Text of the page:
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UV Light, BPI Among Industry Responses to Kill, Control Virus

April 9, 2020
CLARK'S REMARKS: Firms are rallying to address every aspect of the COVID-19 crisis. Our sustainability columnist highlights a few promising processes.

In response to the COVID-19 pandemic, many manufacturers have converted their usual manufacturing operations to making products for health care workers and patients.

For example, GM and GE are manufacturing ventilators in plants usually dedicated to cars and jet engines, and Mattel is making face masks from Barbie and Fisher-Price fabric. Even smaller manufacturers have stepped up to the plate. For instance, Minnesota-based MyPillow, known for its pillows, sheets, and mattress covers, is now also making face masks, and Avant-Garde Design, a small company in Palm City, FL, is 3D-printing face shields instead of the custom auto interiors for which they are known.

Our industry is also offering technology to assist in efforts to contain the virus. Many manufacturers offer UV light systems for HVAC coils and ductwork. Broad-spectrum UV light, with wavelengths of 200 to 400 nm have long been recognized as effective against viruses, including the SARS-CoV-2 (novel coronavirus) that causes COVID-19, because it apparently destroys the viruses’ DNA bond.

According to the Chinese National Health Commission, which has to-date had the most experience with this virus, a UV intensity of >1.5 W/m3 for not less than 30 minutes will kill the virus on surfaces within three feet. For temperatures below 68°F, or above 104°F, and where RH>60 percent, longer exposure times are needed. Unfortunately, broad-spectrum UV light can be harmful to humans, causing skin cancers and cataracts, so it is not ideal for disinfecting indoor spaces. However, a narrower spectrum of UV light in the range of 207 to 222 nm, known as far-UVC, has been shown to effectively kill viruses without penetrating (and damaging) human skin or eyes.

A 2018 study by researchers at Columbia University Medical Center and published in Nature’s Scientific Reports, showed that far-UVC “efficiently inactivates airborne aerosolized viruses, with a very low dose of 2 mJ/cm2 of 222-nm light inactivating >95% of aerosolized H1N1 influenza virus” and concluded that “continuous very low dose-rate far-UVC light in indoor public locations is a promising, safe and inexpensive tool to reduce the spread of airborne-mediated microbial diseases”.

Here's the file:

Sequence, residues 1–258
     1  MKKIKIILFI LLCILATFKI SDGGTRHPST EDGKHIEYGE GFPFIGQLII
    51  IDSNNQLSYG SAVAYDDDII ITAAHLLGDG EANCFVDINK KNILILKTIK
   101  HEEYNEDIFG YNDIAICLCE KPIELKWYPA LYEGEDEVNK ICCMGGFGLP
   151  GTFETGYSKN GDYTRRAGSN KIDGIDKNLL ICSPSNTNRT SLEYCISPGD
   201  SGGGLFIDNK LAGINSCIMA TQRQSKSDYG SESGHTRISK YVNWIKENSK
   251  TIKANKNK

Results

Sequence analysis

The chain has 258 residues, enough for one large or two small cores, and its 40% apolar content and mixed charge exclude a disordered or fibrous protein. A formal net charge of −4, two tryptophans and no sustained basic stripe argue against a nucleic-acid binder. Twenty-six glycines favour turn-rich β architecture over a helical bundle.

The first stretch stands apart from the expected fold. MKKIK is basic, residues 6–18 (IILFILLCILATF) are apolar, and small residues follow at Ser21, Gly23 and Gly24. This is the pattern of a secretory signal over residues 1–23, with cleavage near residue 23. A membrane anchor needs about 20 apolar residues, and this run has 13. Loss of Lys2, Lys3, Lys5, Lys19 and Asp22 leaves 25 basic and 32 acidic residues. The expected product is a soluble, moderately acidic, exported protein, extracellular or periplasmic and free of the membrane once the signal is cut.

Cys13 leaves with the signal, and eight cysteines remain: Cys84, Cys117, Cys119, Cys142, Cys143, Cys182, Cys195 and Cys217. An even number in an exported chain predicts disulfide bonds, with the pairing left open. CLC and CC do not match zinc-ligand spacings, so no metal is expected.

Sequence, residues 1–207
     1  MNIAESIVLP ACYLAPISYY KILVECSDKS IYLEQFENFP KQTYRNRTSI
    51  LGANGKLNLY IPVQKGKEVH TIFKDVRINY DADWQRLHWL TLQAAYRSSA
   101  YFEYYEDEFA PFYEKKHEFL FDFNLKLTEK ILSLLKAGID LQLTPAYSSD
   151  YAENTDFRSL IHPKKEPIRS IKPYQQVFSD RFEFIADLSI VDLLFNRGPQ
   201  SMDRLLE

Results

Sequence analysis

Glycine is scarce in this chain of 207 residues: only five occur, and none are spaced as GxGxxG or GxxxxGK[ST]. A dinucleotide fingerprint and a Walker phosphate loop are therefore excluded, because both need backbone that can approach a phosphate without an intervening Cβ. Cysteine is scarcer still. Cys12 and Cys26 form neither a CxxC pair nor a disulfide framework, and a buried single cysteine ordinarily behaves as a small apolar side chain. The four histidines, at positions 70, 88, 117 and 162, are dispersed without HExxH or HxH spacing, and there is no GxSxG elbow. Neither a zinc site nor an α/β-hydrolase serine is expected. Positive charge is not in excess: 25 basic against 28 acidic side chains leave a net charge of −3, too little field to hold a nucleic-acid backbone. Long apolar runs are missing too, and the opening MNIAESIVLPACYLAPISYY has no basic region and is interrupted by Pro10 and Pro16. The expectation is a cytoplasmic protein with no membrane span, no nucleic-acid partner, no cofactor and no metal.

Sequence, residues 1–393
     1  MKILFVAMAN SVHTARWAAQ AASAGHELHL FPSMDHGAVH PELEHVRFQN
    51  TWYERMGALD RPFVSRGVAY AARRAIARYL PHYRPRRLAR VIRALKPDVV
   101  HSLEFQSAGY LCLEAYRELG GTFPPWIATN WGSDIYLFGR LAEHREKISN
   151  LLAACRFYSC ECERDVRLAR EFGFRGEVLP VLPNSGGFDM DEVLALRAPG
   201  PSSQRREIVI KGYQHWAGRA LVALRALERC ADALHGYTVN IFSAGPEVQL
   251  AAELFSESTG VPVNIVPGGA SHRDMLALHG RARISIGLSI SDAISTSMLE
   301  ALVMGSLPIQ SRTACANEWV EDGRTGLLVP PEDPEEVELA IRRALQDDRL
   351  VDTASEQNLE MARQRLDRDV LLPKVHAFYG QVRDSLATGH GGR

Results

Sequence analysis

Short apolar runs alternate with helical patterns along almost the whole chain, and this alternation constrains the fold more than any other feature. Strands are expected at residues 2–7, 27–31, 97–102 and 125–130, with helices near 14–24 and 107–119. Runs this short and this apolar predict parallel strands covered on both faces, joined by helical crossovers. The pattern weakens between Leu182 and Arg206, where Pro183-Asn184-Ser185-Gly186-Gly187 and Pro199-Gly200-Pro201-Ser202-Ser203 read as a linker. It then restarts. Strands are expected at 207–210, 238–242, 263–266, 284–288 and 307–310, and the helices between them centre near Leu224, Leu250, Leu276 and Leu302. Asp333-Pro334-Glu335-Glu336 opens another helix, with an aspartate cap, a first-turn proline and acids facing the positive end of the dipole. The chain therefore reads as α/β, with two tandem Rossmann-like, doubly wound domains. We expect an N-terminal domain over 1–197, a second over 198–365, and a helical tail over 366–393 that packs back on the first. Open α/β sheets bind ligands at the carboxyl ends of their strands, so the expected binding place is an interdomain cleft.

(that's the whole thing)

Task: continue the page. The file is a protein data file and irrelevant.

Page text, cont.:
Another process, known as bipolar ionization (BPI), can both neutralize microbes (including viruses) and may also lower outside air requirements by reducing particulate and volatile organic compounds (VOC). When a molecule is decomposed into atoms, free electrons are generated. Negative ions are molecules with free electrons and positive ions are molecules lacking an electron. These bipolar ions (negative and positive) are unstable and will seek out atoms and molecules in the air with which to trade electrons.

According to Dr. John Oxford, internationally recognized virologist and professor at the Institute of Cell and Molecular Sciences at St. Bartholomew’s and The Royal London Hospital, Queen Mary’s School of Medicine and Dentistry in London, BPI has proven to be effective against a number of viruses: N1N1 influenza, H5N1 avian influenza (bird flu), and corona. The mechanism by which BPI inactivates airborne viruses is that the bipolar ions, according to Dr. Oxford, surround the hemagglutinin (surface proteins that form on organisms and trigger infections) and change into highly reactive hydroxyl radicals. These take a hydrogen molecule from the hemagglutinin and change into water. The ions destroy the virus surface structure, in the case of coronavirus the spikes, on a molecular level. As a result, the virus cannot cause infection, even if it enters the body.

There are numerous far-UVC and BPI systems currently on the market, many of them manufactured by companies that are well-known to the HVAC industry. Check them out... and stay safe!

A regular contributor to HPAC Engineering and a member of its editorial advisory board, the author is a principal at Sustainable Performance Solutions LLC, a south Florida-based engineering firm focusing on energy and sustainability. Contact him at [email protected].  

About the Author

Larry Clark

A member of HPAC Engineering’s Editorial Advisory Board, Lawrence (Larry) Clark, QCxP, GGP, LEED AP+, is principal of Sustainable Performance Solutions LLC, a South Florida-based engineering firm focused on energy and sustainability consulting. He has more than two dozen published articles on HVAC- and energy-related topics to his credit and frequently lectures on green-building best practices, central-energy-plant optimization, and demand-controlled ventilation.